Sometimes they make food ferment, but used in the right way, these bacteria can also be a preservative
Lactic acid bacteria produce antibiotic-like compounds that kill off potentially harmful contaminants
You probably don't often think about lactic acid bacteria, but you eat them nearly every day. They're responsible for the distinctive taste of sauerkraut, salami, yogurt, and other fermented foods. The sour “fermented” taste arises as lactic acid bacteria (LAB) break down sugars like glucose and sucrose into lactic acid. Since prehistory, LAB have been used for different fermentation processes. Not only do we get new and unique flavors from it, but the microbes act as a bio-preservative to keep food fresh.
Scientists long thought that this phenomenon was tied to the production of lactic acid, as the compound lowered the pH to where other microbes could not grow. This was a desirable quality for fermented foods that rely on the lactic acid for flavor, but what about ready-to-eat (RTE) sliced meats, which are not meant to taste sour?
Your sliced deli ham and salami can contain harmful bacteria like Listeria monocytogenes, even after preventative methods like sodium nitrites and high pressure processing have been applied. The European Union found that as high as 3% of randomly selected RTE meat products (an assortment of beef, pork, turkey, and broiler) contained L. monocytogenes in 2017. And in January of this year, the CDC put out a food safety alert for pork products contaminated with Listeria from Long Phung Food Products.
Clearly, we need more measures against food-borne pathogens to guarantee food safety: are LAB the answer? Could they be used to preserve RTE meats without creating that “fermented” flavor?
Protective cultures are designed to be “biostatic,” meaning that they should prevent the growth of other bacteria, but not kill them, at the concentrations that they are used. The cultures also should not affect the “sensory” properties, such as color, texture, and, most importantly, taste, of the food products they are applied to. Chr. Hansen, a Danish biotech company, has cultivated specific strains of LAB (Lactobacillus curvatus and Lactobacillus sakei) and demonstrated that under refrigerated conditions, Listeria did not grow in vacuum-sealed RTE meat products when Lactobacillus was also present. The company filed a patent for the use of these strains of LAB as a food preservativein 2008.
Now, over ten years later, researchers at Shangdong University’s Lab of Beef Processing and Control wanted to see how the product stood the test of time. Focusing on locally obtained, vacuum-sealed Chinese beef, Yimin Zhang and her colleagues have evaluated how well Chr. Hansen’s SafePro® protective culture protected their meat.
Zhang's team monitored microbe activity over a 38-day period after applying the product to freshly-butchered meat. First, they treated the meat with either the protective L. sakei or L. curvatus strains, keeping some untreated for comparison later. They found that the protective cultures had the desired bacteriostatic effect not only on Listeria, but also on other food spoilage species like E. coli, Salmonella, and related bacteria. Their paper also documented the dynamics of the microbial community during storage of the vacuum-sealed beef, illustrating how early certain food-borne pathogens colonized the meat before their growth was stopped. Most importantly, the protective Lactobacillus strains caused no difference in color or freshness, and minimal difference in pH — though I did wonder about the taste.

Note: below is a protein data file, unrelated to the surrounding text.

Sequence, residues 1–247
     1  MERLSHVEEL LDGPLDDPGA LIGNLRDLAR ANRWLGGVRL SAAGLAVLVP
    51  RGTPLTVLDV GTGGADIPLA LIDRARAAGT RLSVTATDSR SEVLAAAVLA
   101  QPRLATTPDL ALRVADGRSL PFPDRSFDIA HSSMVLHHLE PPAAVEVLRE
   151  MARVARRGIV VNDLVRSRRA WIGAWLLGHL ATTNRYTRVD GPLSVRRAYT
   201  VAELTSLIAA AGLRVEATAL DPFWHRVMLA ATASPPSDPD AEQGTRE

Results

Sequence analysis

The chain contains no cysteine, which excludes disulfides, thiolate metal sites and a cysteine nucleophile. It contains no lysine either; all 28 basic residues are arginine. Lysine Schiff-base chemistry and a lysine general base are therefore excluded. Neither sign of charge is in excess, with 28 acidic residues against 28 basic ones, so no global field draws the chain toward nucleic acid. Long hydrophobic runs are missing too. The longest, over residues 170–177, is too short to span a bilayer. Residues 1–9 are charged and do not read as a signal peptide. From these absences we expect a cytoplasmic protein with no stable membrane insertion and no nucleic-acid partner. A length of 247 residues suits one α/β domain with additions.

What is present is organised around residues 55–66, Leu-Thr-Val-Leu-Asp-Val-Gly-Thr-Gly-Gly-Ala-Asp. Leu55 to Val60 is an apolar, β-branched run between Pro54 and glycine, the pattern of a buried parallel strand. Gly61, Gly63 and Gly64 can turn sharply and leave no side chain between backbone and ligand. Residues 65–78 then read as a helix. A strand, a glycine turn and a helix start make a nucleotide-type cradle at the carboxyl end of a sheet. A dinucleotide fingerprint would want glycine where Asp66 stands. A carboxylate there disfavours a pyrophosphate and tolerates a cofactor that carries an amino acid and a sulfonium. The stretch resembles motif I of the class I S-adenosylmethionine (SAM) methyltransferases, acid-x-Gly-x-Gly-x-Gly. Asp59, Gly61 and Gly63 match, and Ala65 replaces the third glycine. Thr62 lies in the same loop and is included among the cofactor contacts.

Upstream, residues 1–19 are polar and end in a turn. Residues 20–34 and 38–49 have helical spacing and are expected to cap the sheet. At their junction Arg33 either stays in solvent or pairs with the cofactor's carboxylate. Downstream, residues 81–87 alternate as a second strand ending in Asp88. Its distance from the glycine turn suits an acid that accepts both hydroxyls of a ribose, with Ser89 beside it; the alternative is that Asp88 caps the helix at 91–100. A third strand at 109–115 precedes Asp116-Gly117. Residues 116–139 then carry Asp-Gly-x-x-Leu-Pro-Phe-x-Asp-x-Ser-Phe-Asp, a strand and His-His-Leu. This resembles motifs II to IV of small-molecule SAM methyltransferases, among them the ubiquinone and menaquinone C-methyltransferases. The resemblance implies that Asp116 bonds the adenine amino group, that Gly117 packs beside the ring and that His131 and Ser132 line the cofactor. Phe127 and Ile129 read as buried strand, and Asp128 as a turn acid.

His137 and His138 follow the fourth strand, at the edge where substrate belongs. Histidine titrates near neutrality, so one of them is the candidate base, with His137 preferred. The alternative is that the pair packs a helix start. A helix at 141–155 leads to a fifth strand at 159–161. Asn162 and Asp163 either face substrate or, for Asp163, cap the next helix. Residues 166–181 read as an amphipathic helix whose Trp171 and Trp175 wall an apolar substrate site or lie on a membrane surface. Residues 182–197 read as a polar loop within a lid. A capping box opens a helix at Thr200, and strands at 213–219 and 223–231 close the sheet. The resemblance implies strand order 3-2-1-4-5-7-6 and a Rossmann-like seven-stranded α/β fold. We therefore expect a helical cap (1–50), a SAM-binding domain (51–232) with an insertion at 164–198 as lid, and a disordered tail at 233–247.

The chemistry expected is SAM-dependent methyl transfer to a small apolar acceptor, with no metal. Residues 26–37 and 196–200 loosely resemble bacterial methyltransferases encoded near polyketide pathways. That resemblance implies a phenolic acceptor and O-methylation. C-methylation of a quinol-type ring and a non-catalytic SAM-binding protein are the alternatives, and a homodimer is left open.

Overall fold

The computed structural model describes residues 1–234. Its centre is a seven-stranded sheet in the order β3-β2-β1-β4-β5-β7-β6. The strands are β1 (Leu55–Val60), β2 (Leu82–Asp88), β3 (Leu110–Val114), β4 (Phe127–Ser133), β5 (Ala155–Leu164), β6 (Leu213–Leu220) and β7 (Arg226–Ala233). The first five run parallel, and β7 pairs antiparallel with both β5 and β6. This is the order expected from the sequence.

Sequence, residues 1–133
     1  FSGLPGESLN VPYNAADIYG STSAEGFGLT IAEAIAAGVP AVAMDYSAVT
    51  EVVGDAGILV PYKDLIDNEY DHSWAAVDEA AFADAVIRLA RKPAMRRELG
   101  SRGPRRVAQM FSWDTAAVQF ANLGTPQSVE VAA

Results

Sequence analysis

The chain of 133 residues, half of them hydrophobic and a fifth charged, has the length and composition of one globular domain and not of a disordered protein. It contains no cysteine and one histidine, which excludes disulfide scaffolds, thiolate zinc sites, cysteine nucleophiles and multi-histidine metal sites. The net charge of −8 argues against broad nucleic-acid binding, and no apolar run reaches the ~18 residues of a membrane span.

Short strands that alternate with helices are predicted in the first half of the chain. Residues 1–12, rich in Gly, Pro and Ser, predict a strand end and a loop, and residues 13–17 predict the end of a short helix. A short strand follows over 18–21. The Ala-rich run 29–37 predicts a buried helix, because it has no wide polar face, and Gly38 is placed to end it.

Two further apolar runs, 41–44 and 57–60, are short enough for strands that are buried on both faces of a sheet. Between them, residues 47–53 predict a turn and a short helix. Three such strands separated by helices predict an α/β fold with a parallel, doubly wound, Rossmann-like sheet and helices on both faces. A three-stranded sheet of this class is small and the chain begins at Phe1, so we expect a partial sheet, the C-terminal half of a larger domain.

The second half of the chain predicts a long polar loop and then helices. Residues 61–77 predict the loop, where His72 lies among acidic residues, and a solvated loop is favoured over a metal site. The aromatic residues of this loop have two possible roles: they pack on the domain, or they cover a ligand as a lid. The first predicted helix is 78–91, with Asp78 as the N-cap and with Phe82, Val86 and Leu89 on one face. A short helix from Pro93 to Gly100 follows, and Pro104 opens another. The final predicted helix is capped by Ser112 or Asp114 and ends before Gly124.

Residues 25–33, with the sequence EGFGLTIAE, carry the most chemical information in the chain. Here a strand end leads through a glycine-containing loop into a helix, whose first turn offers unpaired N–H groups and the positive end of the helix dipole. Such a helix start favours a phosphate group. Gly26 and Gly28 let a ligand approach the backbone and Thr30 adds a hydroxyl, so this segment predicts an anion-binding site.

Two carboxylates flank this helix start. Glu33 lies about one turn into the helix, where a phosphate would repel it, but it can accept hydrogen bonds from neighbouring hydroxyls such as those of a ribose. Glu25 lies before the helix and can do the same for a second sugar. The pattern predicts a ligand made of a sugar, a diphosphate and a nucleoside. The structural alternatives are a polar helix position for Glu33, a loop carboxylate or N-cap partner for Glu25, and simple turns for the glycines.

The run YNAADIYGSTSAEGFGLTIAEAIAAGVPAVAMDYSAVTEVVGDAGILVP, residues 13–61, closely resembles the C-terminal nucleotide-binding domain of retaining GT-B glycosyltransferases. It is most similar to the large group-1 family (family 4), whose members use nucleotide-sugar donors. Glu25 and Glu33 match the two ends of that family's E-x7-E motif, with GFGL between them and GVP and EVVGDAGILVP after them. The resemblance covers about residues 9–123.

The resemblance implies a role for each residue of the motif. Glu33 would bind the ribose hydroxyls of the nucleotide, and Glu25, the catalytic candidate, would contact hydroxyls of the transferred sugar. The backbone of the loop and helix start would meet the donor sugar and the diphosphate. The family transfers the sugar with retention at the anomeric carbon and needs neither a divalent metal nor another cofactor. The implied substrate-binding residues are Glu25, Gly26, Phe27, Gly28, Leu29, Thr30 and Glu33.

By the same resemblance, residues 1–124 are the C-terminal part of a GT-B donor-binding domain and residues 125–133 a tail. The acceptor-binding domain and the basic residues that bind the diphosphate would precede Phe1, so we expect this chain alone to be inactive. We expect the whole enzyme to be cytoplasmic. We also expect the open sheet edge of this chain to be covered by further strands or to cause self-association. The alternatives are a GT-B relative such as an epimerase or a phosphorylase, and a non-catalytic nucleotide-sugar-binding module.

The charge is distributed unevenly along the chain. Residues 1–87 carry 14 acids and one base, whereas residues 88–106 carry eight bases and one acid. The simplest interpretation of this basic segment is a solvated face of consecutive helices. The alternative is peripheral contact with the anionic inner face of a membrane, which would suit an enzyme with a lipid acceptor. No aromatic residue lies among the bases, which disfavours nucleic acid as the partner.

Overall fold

How does LAB create bacteriostatic growth inhibition? At first, scientists thought it only had to do with the production of organic acids (things like the lactic acid found in milk and acetic acid, like in vinegar) lowering the pH. But the present study, like others, showed that inoculation of a product with LAB does not guarantee a significant drop in it's pH; over the 38 days of the experiment, the pH of the meat samples dropped from 5.5 to 5.3, a small change.
A more likely answer is the bacteriostatic peptides that the SafePro® strains produce, called bacteriocins. These molecules create holes in bacterial membranes very quickly, stopping potentially harmful bacteria in their tracks – and the bacteriocins themselves degrade just as quickly. Importantly, bacteriocins are also colorless, odorless, and tasteless, making them ideal as invisible protections in food.
A large concern, however, is the potential for bacteriocin resistance. Since bacteriocins function in antibiotic-like ways, it stands to reason that exposed bacteria, if some survive, could develop resistance mechanisms. Some strains of Listeria already have. However, the resistant pathogens were found to have severe reduction in growth that scientists link to an increased energy expenditure to develop that resistance, meaning that the mutation to counteract the killing compound hobbled the bacterium (in the same that a deer's giant antlers are good for fighting but also get tangled in tree branches). This is just one instance though, and the potential resistance mechanisms that foodborne pathogens could develop remains a grave concern as we look for alternative bacterial-control measures beyond antibiotics. In addition to biochemical means, another possible bacteriostatic effect could derive from gene regulation. Recently, researchers in Italy showed that other LAB strains have been shown to make the bacterium Staphylococcus aureus (which can cause dangerous staph infections) less infectious.
Overall, the bio-preservative future of lactic acid bacteria looks promising. Companies like Chr. Hansen in Denmark and Sacco System in Italy are already genetically modifying and cultivating LAB strains to seamlessly slip into cheeses, RTE meats, and more. But in places with the highest meat consumption, like the US, work still needs to be done to bring these tools to market.